In fact, many wisdom traditions understand that what we call death is simply a transition to another form of life. In recent decades, science is catching up to unveil the mystery of death. Quantum theory proves a primacy of consciousness over matter and indicates that consciousness survives bodily death.5
Now, transhumanists aim to transcend our biological limitations. Some entertain the idea of uploading the mind onto computer systems (to reproduce one’s mind in software) to attain digital immortality (to live forever in cyberspace).
From finance to healthcare and education, all aspects of society are now digitized. People are being brought into the web, where they would live their lives in a way that is disconnected from their bodies and from the natural environment.
As their goals to transform human nature and conquer death begins to diminish life, Bitcoin, as a pro-human technology, offers a creative way to confront this machine-takeover of the world.
The invention of Bitcoin has begun to revitalize culture. From local meetups to conferences, people around the world are now coming together. By exchanging smiles and hugs, they are starting to get to know one another in real life. A new economy that is being now regenerated is creating the resurgence of the arts.
As it now inspires a new renaissance of humanism, we Bitcoiners can actively work toward creating a resilient human network, built on top of this technology. Here, the art of slam poetry offers an invigorating way for us to engage in those efforts.
Slam poetry or “Spoken Word” is a form of performance poetry that combines the elements of competition, and audience participation. It started in the U.S. in the 1980’s, in cities like New York, San Francisco, and Austin. Like Bitcoin, this enlivening literary art form is open-sourced. Anyone can sign up and express himself or herself freely on the stage.
There is also a protocol, like consensus rules, that poets who compete for a prize abide by voluntarily. Fundamental rules are that each poem must be of the poet’s own creation and will be performed within three minutes.
Aligned with the US free speech tradition 6, poetry slam restores an oral tradition. 7 Unlike written poems, here words are emphasized for the way they sound when read aloud and are intended to evoke emotional responses.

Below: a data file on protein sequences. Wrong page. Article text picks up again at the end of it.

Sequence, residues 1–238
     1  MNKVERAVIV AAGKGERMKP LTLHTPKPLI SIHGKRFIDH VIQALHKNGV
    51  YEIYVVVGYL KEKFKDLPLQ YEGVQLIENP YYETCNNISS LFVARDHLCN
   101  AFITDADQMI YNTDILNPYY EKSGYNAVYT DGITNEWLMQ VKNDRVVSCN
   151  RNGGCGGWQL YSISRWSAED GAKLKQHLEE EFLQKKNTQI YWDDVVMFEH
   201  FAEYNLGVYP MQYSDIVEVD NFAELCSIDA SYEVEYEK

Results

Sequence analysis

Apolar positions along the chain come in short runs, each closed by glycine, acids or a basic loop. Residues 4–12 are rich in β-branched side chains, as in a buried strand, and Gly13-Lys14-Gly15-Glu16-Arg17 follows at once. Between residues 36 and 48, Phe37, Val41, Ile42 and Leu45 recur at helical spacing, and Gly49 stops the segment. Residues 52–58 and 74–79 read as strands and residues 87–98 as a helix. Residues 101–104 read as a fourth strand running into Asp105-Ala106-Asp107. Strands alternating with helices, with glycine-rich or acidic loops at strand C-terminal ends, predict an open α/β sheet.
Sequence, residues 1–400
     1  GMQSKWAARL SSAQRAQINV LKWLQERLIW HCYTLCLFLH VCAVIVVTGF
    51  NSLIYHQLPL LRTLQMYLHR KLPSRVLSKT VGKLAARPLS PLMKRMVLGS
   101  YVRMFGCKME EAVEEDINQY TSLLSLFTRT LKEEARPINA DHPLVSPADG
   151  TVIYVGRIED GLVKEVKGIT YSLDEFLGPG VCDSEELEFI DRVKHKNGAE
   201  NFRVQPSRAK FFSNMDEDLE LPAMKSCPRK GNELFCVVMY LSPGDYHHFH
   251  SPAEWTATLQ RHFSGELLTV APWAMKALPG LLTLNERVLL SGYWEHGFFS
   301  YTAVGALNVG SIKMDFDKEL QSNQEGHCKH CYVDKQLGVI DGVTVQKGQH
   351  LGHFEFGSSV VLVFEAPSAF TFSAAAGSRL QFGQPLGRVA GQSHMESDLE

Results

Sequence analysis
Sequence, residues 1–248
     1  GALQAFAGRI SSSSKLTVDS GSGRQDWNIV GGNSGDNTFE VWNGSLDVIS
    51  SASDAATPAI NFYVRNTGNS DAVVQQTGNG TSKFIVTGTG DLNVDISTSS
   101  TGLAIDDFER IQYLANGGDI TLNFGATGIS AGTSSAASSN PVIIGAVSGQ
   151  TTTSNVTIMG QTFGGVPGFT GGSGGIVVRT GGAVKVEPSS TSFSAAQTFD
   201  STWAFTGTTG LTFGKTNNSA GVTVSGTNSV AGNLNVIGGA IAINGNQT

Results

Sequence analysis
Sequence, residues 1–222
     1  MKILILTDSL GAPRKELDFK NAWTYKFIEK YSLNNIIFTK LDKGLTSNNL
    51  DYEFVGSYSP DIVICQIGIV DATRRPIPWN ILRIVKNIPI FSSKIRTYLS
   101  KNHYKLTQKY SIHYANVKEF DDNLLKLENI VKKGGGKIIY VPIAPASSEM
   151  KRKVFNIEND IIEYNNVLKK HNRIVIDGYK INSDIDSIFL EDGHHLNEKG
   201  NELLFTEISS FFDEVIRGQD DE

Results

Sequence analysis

Participants receive scores from randomly selected judges in the audience. Here, the transaction — values of performances are confirmed through heart resonance created in another human being.
The art of being human
Everyone is born a poet. We all are gifted with creative capacities. Now, using Bitcoin, free speech money, we can generate artistic activities to connect with a poet inside us, who can teach us what it means to be human.
“To believe your own thought, to believe that what is true for you in your private heart is true for all men, — that is genius.” –by Ralph Waldo Emerson
“There is not beat poetry, or a beat novel, or beat painting. Beat is a poetic conception, an attitude toward the world.” –by Allen Ginsberg
Proof-of-words (PoW) engages us in the art of being human. Through each of us working to claim the language of the heart, we can embody our mind and spirit.
We can create our own nodes to generate values out of our authenticity. Together, as a community we can practice becoming a writer of the words we say and become sovereign.
“Go on, lean in. Listen, you hear it? Carpe. Hear it? Carpe. Carpe diem. Seize the day, boys. Make your lives extraordinary.”
English teacher John Keating urges his students to hear the whispers of the poets who have come before.
Our heart remembers the experience that we shared with our loved ones who have crossed the other side. Our relationship that we cultivated in this life endures into the afterlife. 8
Through our impassioned spoken word, we connect with our ancestors and carry on a verse that they left behind.